The Rise of AI in Retail

Software, Media & Technology

During the time of Post-Brexit, pandemic-ridden Britain, we experienced severe supply shortages in our supermarkets bought about not just from crazed panic buying but also a reduction in imports. Now we have grown a little more used to what lies beneath the deep layers of stock; we have an opportunity for supermarkets to begin to change and develop to integrate further into our new digital world.

The idea of having no stock is terrifying to a retailer because, the theory is, if they don’t have anything in store, they can’t do any selling. After the pandemic-driven shortages, retailers ordered anything they could get their hands on. At the time was considered a sensible decision, considering consumer spending was drastically increasing. Analytics in 2021 showed there to be more of a risk of shortages than overstocking in 2021 and the beginning of 2022.


So the problem now lies with a misjudgement by the people who made that informed gamble: supermarkets have too much stuff. Human beings can’t predict the future; however hard we try to organise information, there is a chance the outcome won’t be as expected.

But we do have the opportunity to learn from these mistakes and begin to look to AI for a little bit of guaranteed help. AI could be the new powerhouse in retail by simulating consumer spending variables and pricing goods once they are in the retailer’s possession. An article in the AI Journal explores the development of AI in retail drawing upon the themes of targeted selling and consumer spending tracking.

From historical data, we can spot trends. However, this will never be able to account for soaring energy bills or global pandemics that feel as though they appear out of nowhere overnight. We can use AI to produce weekly simulations of what’s in season based on current demand profiles. AI also offers the ability to devise off-season sell-outs and targeted discounts throughout the season.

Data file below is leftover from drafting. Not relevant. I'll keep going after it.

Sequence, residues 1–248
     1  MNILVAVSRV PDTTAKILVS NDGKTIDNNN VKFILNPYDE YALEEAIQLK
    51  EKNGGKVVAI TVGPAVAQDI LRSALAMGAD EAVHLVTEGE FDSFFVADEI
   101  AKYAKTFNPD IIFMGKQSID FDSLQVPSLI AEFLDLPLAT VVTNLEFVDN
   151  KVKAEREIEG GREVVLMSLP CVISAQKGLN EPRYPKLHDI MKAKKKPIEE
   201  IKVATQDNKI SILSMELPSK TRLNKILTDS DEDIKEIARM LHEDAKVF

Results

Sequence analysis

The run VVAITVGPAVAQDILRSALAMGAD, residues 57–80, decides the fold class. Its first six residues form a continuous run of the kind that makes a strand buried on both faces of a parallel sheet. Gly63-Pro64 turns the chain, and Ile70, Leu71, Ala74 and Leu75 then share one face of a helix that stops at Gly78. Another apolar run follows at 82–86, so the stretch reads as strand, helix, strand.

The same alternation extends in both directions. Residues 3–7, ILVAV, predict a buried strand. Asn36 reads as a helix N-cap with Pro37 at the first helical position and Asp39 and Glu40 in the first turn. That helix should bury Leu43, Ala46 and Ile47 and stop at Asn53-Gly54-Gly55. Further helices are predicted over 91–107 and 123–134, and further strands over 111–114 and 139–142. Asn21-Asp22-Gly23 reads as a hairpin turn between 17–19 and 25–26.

Location-targeted AI would identify which products are selling best in different stores, which would benefit the production of targeted sales and advertising for each store. Overall sales and advertising campaigns would be more successful and drive profits store by store and within the conglomerate.

We have all watched the Freddo pass the 25p mark, which firmly portrays the reality of supermarkets having to keep up with inflation just as the rest of us are. Change has been happening within a matter of moments, and financial instability can be a terrifying prospect for people. We have seen this fear reflected in their shopping habits. If retailers want to remain part of the game, AI is one of the only reliable methods of prediction and analysis.

We can’t foresee the future with any certainty because we struggle to sort all the information available to us.

By Ella Bertrand on 04/11/2022